1.1 A duty of care is a legal obligation imposed on an individual requiring that they adhere to a standard of reasonable care while performing any acts that could foreseeably harm others. It’s a requirement to exercise a reasonable degree of attention and caution to avoid negligence which could lead to harm to others.

For me as a support worker it basically means I have a duty of care to protect any service users in my care from significant harm; this will be achieved using the standards that I have learned from the many courses that I have attended. All the risk assessments, policies, daily checks, who to contact should you suspect the service users may be at risk etc. are proof that I carry out my duty of care. All service users have the right to be kept safe and as a support worker it is my duty to ensure that the service users in my care are not exposed to any dangers whilst in our home.

My responsibilities under the duty of care are to do everything reasonable within the definition of my job role to keep the service user in my care safe and out of harm’s way. “Duty of Care” means providing care and support for service users by complying with legislation and also within my policies and procedures. A negligent act could be unintentional, but careless, or intentional that results in abuse or injury. Also my duty of care is also meeting the services needs as they all individuals and have their own religion and belief, to which I am here to support them, with a non-judgemental attitude.1.2 In your job role you have a duty of care to raise any concerns you may have about any aspect of your work.

These can range from poor working conditions, poor equipment, poor practice by other staff and raising concerns about potential abuse cases and situations of neglect. It is my duty of care to safeguard individuals from harm. All employees should report any concerns of abuse they have. These might include evidence or suspicions of bad practice by colleagues and managers, or abuse by another individual, another worker or an individual’s family member or friends. If you have any doubt at any time, you should discuss any issues you have with your manager.2.

1 Conflicts and Dilemmas that may arise between the duty of care and individuals rights could be staff having a difference of opinion over an individual for example a staff member believing they have signs of abuse and another staff member thinking they don’t. This could lead to conflict between the individual’s family and carers if staff involved other agencies such as Social Services. Dilemmas could know when to get further help regarding child/adult protection and safeguarding issues for example if you did not refer the case to CQC the individual might still continue to suffer abuse. Another dilemma would know when to break confidentiality and share information. If you have any concerns about an individual or feel they are at risk you need to share them and report it, it is always better to be safe than sorry.Other dilemmas in our setting could be:• Staff falling out,• Break confidentiality,• Swearing and behaviour,• Absent staff members,• Lack of team work.

· Lack of training2.2 • Allowing service user explore with guidance,• Making services users aware of potential hazards and dangers,• Allowing service users to acquire life skills through learning how to cope with risky situations,• Staff ignorance,• Parents are a risk to staff if reported to CQC.Here is an example of how to manage -It is cold, windy and raining outside - the service user wants to go outside with no coat on. You advise them about the weather conditions and explain they should wear a coat so they don’t get ill.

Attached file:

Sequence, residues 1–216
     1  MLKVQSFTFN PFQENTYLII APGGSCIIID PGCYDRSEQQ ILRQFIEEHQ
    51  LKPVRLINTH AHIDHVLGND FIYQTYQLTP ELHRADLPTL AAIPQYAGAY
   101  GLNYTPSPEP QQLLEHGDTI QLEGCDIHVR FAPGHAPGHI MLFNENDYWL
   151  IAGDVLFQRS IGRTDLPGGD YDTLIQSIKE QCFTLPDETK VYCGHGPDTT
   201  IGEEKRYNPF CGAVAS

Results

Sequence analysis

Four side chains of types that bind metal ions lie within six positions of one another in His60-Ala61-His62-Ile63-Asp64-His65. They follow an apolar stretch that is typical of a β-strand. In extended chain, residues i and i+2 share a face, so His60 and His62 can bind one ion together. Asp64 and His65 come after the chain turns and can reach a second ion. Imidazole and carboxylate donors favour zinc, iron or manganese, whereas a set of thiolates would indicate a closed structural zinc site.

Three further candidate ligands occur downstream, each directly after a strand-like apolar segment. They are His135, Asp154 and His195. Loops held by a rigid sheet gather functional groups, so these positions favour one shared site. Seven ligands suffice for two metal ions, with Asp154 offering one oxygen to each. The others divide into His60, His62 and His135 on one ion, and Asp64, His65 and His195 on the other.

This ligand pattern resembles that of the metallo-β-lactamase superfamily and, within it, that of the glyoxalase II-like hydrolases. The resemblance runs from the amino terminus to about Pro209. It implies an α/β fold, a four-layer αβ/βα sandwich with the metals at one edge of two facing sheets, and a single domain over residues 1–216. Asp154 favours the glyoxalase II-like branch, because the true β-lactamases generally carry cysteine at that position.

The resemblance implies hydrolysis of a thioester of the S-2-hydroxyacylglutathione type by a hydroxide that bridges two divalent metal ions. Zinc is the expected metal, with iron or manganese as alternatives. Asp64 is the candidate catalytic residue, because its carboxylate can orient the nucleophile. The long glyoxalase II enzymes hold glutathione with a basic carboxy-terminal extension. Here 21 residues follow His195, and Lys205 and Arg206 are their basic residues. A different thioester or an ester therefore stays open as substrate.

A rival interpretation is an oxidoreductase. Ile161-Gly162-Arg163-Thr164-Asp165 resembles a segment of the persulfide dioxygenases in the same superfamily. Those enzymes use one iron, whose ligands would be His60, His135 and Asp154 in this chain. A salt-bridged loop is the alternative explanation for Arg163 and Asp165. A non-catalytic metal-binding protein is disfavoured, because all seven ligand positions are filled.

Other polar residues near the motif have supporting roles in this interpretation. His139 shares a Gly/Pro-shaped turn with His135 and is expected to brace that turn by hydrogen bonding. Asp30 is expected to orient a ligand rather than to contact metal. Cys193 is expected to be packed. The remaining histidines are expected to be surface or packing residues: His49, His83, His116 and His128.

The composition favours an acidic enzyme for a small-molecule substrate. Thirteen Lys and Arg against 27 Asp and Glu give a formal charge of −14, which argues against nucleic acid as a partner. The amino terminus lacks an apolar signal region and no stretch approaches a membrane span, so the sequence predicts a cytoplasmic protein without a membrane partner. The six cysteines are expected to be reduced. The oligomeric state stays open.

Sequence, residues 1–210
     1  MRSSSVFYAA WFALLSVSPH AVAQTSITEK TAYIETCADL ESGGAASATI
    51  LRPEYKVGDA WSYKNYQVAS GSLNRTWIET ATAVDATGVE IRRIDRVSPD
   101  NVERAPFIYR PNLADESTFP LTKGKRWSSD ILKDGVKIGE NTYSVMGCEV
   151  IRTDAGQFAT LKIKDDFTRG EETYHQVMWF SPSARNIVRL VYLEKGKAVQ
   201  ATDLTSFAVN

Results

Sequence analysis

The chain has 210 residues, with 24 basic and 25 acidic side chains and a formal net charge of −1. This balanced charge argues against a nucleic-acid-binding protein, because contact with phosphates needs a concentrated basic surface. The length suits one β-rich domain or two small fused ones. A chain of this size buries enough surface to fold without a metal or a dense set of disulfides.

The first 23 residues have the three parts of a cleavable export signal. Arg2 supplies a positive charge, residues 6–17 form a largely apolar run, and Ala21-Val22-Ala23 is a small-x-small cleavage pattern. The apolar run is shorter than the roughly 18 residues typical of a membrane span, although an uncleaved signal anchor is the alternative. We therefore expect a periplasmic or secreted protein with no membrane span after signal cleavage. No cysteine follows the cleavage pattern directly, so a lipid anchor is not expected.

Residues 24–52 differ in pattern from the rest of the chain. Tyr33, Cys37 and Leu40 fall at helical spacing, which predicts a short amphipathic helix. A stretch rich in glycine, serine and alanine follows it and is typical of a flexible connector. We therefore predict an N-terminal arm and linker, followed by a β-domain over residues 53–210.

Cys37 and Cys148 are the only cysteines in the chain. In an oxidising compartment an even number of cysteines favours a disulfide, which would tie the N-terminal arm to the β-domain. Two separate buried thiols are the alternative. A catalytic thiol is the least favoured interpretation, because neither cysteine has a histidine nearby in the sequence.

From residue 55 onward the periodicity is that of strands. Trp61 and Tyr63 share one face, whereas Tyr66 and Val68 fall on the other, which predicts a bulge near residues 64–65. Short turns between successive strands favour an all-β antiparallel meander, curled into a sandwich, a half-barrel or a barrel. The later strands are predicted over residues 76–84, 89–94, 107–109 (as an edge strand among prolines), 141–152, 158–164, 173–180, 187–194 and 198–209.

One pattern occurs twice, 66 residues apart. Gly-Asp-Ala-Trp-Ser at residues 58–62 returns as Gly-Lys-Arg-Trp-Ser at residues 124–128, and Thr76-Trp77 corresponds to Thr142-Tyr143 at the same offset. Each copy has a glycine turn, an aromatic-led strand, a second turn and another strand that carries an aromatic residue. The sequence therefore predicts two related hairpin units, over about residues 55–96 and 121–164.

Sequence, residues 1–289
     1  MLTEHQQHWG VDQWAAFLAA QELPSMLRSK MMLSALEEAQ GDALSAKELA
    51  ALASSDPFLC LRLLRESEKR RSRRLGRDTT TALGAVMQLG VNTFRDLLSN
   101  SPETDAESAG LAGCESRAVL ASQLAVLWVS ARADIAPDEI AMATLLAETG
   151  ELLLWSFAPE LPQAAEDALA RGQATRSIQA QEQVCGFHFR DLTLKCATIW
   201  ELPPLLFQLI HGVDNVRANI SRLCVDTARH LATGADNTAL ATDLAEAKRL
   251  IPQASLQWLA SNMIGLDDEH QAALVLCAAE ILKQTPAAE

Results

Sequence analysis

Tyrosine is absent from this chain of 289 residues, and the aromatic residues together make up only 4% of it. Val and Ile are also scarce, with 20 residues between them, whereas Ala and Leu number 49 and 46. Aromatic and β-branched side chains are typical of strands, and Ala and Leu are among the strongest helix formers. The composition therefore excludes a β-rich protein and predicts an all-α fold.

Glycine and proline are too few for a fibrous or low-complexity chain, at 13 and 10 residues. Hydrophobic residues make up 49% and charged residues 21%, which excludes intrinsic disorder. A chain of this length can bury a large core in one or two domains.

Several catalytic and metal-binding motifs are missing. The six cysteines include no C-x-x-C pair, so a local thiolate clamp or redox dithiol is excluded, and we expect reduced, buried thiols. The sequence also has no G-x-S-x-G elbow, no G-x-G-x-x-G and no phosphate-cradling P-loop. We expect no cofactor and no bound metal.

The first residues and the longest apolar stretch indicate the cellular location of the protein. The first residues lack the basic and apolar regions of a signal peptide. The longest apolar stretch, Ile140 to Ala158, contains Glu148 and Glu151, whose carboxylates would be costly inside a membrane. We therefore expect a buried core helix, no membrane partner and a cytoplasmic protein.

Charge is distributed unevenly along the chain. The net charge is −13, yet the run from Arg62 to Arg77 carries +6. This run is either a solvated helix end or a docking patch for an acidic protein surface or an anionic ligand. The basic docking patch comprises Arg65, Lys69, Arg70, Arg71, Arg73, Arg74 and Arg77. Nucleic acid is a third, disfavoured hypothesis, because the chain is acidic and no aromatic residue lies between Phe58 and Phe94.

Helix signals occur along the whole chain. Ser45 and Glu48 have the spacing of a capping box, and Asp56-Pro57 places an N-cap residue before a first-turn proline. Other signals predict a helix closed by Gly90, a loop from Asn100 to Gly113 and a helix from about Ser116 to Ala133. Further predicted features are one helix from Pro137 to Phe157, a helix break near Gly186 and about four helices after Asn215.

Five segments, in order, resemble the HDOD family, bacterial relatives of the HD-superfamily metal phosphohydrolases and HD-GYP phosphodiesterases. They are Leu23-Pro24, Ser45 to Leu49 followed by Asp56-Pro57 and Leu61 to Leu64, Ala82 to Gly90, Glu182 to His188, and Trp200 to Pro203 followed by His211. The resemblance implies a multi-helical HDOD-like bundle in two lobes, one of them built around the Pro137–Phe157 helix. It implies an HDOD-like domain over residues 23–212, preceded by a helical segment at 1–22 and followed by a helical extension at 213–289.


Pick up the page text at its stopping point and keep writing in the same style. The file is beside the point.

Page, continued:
You should make a note of it in the servicer’s user care plan of the outcome and how to manage this situation. By carrying out a risk assessment and recording the conflict or dilemma, I will be able to limit the risks whilst also considering the clients rights to choice.2.3• Colleagues, managers, key workers, seniors• The person’s family and friends• GP• Care professionals• Advocates• Previous risk assessments about dilemmas3.1 I would follow the step by step list to respond to a complaint effectively and be professional, if a parent or a staff member from our servicer activates or anyone else informed our home with a complaint as a carer I would establish if this is something I could deal with personally, if it is we could deal with it there and then if not then I would inform the senior member of staff on shift about the situation (depending on how serious the complaint is) (if a serious complaint) I guide them directly to my manager or home leader.3.

2 It is important that our care home runs smoothly and that parents and we staff work together in benefit for the service users. In event of complaints from either staff or parents every effort will be made to respond quickly and appropriately and the following procedures will be followed. If any parents consider that they have cause for complaint they should speak to the service users key person or the manager in the first instance and ask for a statement to be written if needed. When a complaint is made to a member of staff, we would have to inform our manager as soon as possible. If any parents or carers consider that their concerns have not been satisfactory resolved they might want to write a letter to CQC.Also an acknowledgement of receipt of any written complaint will be made within five working days at the latest or you may contact them by phone.

Written complains will be recorded and dated and sent to Ian salter within company if about management. We all know that parents have the right to make direct contact with CQC about any complaint made.